A few months ago I wrote a post for DMLcentral entitled Peering Deep into Future of Educational Credentialing. In it, I was looking at the possibilities of the blockchain technology that underpins Bitcoin.
More recently, I’ve been looking at Ethereum, ‘crypto-fuel’ that can create new, autonomous systems and so I asked on Twitter:
I looked further into the website Gordon suggested: A Decentralized System for Education and Assessment. It’s an interesting, if slightly technocratic and techno-solutionist, read. Here’s a flavour:
The long term goal is the foundation of a fair, just, and meritocratic society, in which individuals, regardless of personal factors, have the freedom to learn and grow with each other, judged solely on individual achievements. The society would function on a ruleset unalterable by any malicious centralized power, categorizing the skillsets of each individual and giving others the information necessary to place those individuals within society. This provides the basis for a society based on action and fact, with each individual serving their best role in the larger whole.
I emailed Jared, the guy behind the site asking how I could help (I’d already submitted a pull request to make a minor update to the site). He replied that the work “is still very preliminary” with the two big decisions currently being:
- What kind of channel to set up for primary communication
- Which platform to build on (Ethereum, Eris Stack, Forking bitcoin or tendermint?, etc)
He’s open to other ideas, too, with the best place to discuss all this on this subreddit. I’ve closed comments here to encourage you to jump into the conversation there.
Image CC BY-NC-SA Bryan Mathers
I’ve just been playing Jenga with my six year-old son and it struck me how it’s a partial analogy for how educational reform (or any kind of reform, for that matter) works.
If you remember, the aim in Jenga is to build the highest tower possible by removing bricks from lower down the stack. Eventually the whole thing becomes so unstable that someone makes a false move and it collapses.
When educational reform moves quickly it might look like things are getting better by some ‘objective measure’ (e.g. height of tower / PISA results) but significant gaps can be left. Unless these gaps are backfilled, the whole thing is in danger of falling down.
Of course, this isn’t a perfect analogy as it presupposes a finite number of bricks of a uniform shape and size. And it also assumes everyone’s trying to play the ‘game’ by the same rules…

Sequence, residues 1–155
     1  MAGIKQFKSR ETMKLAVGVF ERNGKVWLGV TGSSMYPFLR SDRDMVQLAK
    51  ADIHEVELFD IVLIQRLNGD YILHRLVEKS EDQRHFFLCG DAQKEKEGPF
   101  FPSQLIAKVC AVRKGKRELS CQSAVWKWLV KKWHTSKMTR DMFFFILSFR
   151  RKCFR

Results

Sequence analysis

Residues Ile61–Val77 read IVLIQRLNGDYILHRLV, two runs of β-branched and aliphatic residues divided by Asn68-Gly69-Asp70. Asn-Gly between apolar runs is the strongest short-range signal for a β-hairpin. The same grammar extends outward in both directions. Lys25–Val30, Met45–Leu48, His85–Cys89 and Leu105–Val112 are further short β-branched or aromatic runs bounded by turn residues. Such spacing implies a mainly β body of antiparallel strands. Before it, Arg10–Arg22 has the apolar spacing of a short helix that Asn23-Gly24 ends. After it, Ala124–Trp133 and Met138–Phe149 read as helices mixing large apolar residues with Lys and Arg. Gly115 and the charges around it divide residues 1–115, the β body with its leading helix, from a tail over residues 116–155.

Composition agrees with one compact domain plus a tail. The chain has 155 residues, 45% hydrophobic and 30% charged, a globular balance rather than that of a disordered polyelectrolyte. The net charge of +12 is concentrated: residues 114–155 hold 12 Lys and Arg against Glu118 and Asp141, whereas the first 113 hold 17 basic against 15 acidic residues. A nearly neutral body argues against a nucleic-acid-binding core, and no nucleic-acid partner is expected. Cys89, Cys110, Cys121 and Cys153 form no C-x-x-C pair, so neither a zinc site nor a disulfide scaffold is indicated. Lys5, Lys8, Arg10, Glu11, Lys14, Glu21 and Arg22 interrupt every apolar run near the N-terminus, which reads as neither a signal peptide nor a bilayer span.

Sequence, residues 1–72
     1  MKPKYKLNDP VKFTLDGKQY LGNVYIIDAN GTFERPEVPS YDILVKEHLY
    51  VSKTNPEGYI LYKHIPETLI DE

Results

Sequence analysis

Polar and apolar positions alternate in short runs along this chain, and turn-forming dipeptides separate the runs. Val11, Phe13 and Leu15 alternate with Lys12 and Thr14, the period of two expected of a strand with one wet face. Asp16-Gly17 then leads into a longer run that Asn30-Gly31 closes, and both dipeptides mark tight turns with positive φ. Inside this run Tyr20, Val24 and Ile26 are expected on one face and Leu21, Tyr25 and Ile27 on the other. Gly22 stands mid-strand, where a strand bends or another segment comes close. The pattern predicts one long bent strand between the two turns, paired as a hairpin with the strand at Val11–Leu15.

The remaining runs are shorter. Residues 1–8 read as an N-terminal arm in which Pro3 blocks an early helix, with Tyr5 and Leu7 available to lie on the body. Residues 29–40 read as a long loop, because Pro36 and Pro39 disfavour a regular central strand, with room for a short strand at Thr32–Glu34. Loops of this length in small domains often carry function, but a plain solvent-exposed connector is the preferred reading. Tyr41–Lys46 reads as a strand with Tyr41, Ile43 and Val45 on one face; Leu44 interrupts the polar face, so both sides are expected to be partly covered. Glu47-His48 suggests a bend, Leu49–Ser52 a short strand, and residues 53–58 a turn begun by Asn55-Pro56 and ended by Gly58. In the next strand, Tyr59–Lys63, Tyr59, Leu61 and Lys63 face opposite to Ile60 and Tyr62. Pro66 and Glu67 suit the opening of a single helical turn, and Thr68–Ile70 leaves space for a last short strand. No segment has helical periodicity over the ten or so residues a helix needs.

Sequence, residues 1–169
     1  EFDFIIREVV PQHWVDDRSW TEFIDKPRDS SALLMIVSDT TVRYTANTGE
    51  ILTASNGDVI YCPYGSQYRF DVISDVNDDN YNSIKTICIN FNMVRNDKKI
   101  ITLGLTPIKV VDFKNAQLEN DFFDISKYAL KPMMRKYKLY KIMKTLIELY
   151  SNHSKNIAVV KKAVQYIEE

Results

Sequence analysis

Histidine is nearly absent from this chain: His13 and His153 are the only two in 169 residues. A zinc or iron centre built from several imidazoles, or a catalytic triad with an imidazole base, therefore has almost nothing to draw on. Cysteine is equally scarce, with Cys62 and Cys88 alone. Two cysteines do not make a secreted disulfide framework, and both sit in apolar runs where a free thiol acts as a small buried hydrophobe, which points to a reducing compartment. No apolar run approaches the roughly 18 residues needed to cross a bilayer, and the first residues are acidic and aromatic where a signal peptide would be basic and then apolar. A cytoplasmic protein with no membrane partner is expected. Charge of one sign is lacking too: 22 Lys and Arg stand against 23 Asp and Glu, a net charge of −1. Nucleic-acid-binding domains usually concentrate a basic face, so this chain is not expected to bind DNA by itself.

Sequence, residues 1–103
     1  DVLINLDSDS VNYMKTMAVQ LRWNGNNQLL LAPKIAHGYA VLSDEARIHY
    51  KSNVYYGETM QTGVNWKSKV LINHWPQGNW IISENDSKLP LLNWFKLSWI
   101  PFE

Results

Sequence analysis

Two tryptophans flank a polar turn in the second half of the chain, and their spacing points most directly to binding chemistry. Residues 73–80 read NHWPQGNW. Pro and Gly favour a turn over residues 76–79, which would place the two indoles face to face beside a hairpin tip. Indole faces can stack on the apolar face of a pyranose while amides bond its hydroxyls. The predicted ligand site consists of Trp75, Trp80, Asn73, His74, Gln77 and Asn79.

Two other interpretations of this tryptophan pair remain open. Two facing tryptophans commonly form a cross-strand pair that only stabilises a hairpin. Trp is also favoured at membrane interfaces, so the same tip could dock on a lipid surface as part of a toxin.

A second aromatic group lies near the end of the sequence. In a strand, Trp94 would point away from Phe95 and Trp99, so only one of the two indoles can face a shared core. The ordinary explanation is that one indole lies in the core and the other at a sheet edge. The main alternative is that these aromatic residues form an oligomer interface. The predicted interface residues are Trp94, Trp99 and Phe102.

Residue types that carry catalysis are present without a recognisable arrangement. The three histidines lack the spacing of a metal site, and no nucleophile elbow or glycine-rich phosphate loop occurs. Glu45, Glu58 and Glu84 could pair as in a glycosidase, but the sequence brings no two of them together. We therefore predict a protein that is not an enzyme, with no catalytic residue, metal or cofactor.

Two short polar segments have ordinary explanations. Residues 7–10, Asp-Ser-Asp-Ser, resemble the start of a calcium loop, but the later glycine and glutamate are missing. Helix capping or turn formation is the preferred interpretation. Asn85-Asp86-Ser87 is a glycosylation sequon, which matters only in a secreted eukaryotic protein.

Image CC BY-NC-SA jose.jhg
In 2008 I removed myself from Facebook. It’s only this month that I’ve re-activated my account. I’m connected to over 4,000 people on Twitter, but only 7 on Facebook; I ignore connection requests on the latter. For me, Twitter is a forwards-focused social network, whereas Facebook is backwards-leaning.
In fact, the difference between the two was put even more pithily than that (on Twitter, of course) as:
Facebook is for people the people you went to school with; Twitter is for the people you wish you went to school with.
In 2009 I returned back to the North-East with my nascent family after a 6-year self-imposed exile in Doncaster. Like many ex-pats (especially Scots for some reason?) whilst I was living down there I remembered the place I grew up through some kind of mental rose-tinted glasses. The dissonance hit me hard when I came back – as I explained last year in You’re doing it wrong.
Upon my return I saw the area for what it is: broken. The story of my teenage years isn’t a particularly uncommon one: able boy gets bored at school, doesn’t achieve his grade potential, yada yada yada… It was only when I began to study Philosophy at university that I learned that it was OK to be interested in the way the world worked, alright to have an opinion based on values and beliefs, and fine to be seen reading books.
Regret is a wasted emotion, but I feel something close to that having been brought up in the area I was. It’s an uneven playing field, for sure. I feel this emotion especially for those who haven’t managed to escape an area and a mindset that is, to put it quite bluntly, a cycle of despair now several generations deep.
The biggest thing I had to unlearn from my teenage years? A (disguised) lack of self-worth that so often manifests itself in the arrogant, and sometimes aggressive, behaviour of young men. Any time you see someone ceaselessly bigging themselves up it’s likely that this is the underlying problem. Some people attempt (and succeed) in escaping this through religion, some through work, some through sport and some through transformative relationships. I suppose that, whilst it’s an ongoing journey, I’ve achieved some of that self-worth through all of these at some point. Others, it’s sad to say, haven’t.
The above is one of the reasons I’m joining with others to form Purpos/ed. Whilst I’ll do everything I can to make my children confident and full of self-worth, they will spend a significant part of their formative years in a formal educational environment that could be as damaging to their character as my schooling (almost) was to mine.
Let’s start building the capacity to change that.